Darlington Musarurwa, Harare Bureau
Shenzhen, a major city in Guangdong Province, south east China overlooking Hong Kong, presents a story of the success of Special Economic Zones (SEZs) as an economic reform project.
Shenzhen was one of the first cities in China to be chosen for the experiment and if there is one place on earth that has the same conditions and circumstances that led to Shenzhen’s runaway success – it is definitely Bulawayo in Zimbabwe.
The similarities between Shenzhen then and Bulawayo now are too striking to ignore.
When Deng Xiaoping – Chinese leader after 1978 and the godfather of its reform process – designated Shenzhen as a Special Economic Zone (SEZ), it was nothing more than a small fishing village on the South China Sea coastline, an economic backwater.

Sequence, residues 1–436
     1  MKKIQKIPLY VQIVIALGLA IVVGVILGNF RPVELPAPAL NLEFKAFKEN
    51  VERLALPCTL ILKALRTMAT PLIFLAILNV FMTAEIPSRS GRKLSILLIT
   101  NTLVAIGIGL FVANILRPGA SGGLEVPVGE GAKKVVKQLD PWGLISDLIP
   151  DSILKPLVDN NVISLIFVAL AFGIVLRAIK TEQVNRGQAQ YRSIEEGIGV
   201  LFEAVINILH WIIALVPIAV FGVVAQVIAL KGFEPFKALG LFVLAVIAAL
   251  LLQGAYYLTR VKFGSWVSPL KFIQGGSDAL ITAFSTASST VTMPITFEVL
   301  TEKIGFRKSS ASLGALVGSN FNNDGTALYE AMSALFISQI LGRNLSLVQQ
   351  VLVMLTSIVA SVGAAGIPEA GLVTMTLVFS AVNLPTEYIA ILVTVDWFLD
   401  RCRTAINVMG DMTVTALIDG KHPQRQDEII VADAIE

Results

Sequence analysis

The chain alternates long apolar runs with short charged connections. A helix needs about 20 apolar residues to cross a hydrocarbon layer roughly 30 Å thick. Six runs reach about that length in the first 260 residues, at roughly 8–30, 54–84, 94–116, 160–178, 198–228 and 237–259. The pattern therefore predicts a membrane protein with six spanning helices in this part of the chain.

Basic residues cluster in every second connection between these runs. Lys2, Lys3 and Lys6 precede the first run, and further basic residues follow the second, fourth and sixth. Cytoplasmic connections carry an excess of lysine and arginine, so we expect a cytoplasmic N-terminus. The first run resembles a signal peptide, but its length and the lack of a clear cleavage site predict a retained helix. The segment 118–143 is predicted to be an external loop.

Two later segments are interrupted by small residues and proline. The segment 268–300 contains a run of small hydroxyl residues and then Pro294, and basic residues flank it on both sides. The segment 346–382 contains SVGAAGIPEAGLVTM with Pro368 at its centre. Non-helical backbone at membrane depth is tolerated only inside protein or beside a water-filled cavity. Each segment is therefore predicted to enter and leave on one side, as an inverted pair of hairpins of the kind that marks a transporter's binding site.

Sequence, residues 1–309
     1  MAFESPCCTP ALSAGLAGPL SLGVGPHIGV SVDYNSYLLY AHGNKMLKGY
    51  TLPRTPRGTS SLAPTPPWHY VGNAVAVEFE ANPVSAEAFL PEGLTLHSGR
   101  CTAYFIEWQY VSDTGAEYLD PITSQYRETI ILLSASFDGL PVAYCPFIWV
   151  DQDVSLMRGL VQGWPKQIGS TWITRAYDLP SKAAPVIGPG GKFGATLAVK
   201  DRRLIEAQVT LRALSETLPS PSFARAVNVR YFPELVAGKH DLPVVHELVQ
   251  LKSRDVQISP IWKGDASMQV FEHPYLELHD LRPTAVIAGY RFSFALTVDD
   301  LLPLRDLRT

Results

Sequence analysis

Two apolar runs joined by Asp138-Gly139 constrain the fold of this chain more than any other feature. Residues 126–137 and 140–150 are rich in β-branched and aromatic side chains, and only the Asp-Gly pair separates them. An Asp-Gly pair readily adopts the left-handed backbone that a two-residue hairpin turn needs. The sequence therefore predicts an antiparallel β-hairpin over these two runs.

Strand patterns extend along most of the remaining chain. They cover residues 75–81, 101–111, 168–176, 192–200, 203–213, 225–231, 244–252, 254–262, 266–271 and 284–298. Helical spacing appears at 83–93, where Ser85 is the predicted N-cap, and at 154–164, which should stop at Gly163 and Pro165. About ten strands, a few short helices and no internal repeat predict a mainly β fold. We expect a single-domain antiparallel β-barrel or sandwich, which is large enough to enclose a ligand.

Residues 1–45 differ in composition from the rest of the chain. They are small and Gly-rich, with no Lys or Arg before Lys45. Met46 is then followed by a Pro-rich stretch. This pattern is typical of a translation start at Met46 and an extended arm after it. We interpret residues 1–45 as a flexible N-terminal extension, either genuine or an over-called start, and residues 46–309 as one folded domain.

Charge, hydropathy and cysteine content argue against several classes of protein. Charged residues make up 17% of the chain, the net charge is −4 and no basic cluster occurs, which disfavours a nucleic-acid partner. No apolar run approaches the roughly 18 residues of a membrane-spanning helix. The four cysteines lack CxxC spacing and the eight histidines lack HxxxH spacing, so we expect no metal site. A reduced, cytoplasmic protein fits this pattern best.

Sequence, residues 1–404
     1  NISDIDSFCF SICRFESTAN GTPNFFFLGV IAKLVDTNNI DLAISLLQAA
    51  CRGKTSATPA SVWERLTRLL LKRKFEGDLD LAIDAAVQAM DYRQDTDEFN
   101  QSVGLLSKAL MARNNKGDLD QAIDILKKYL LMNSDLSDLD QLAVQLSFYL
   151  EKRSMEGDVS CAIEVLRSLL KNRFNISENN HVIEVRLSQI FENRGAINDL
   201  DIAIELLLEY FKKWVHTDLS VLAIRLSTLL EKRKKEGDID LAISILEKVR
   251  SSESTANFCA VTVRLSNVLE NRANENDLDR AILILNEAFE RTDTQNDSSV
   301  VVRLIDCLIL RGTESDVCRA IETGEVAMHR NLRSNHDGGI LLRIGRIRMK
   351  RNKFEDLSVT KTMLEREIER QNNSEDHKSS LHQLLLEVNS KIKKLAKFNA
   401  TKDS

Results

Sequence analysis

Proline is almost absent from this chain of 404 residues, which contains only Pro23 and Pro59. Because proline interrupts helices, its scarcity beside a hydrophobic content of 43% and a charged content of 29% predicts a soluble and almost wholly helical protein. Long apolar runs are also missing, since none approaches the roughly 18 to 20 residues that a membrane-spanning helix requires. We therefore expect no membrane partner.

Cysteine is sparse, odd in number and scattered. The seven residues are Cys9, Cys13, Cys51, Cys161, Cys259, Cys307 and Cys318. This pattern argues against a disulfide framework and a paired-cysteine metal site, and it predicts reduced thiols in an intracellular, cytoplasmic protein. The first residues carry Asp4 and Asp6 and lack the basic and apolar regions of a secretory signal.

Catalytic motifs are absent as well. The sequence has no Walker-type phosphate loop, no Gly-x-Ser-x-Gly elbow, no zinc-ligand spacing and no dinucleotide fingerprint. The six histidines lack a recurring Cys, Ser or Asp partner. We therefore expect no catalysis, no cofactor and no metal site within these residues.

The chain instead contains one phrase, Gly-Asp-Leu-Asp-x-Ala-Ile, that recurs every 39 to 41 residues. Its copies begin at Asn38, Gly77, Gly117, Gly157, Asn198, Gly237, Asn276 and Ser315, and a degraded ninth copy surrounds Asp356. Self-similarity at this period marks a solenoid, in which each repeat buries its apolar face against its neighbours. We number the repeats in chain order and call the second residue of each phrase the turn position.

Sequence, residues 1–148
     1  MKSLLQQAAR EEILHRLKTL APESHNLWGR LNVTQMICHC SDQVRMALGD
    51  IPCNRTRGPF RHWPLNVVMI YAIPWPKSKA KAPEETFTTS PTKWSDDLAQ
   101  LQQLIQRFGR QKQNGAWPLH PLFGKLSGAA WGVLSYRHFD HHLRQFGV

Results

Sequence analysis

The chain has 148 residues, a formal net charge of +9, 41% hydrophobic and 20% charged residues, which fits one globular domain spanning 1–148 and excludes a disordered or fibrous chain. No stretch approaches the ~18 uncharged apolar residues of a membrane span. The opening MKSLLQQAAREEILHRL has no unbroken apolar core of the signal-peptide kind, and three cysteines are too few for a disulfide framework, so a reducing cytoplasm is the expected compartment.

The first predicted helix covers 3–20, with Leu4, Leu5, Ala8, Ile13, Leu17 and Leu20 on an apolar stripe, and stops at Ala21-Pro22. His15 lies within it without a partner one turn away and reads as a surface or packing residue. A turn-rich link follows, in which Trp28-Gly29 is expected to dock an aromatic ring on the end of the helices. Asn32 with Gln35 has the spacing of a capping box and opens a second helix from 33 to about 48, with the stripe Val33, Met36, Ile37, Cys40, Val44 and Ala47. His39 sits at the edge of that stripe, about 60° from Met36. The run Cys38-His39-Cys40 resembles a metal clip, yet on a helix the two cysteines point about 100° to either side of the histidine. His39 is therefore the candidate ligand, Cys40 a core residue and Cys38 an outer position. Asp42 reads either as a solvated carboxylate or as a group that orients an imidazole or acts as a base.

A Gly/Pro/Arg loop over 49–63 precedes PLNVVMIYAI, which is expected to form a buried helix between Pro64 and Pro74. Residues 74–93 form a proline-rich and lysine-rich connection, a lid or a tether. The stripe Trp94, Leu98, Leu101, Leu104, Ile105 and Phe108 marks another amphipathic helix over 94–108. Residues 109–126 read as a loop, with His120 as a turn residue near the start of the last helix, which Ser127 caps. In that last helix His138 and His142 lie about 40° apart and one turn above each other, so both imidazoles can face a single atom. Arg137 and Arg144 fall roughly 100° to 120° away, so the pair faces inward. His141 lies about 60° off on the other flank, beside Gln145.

The same can be said of Bulawayo in this new age: the 2012 national census curiously indicated that 27 percent of Bulawayo’s economically active population was unemployed, which is the highest in the country.
Its economic circumstances are nothing short of desperate.
But, rather fortuitously, just as Shenzhen was, and still is, separated by a river (Shum Chun or Shenzhen river) “from the most capitalistic city on earth” – Hong Kong – so, too, is the southernmost part of Zimbabwe, which is separated by the Limpopo river from arguably the most capitalistic city on the continent, Johannesburg.
To put this into perspective, the Johannesburg Stock Exchange (JSE), which is the largest in Africa, has a total market capitalisation that is close to US$1 trillion.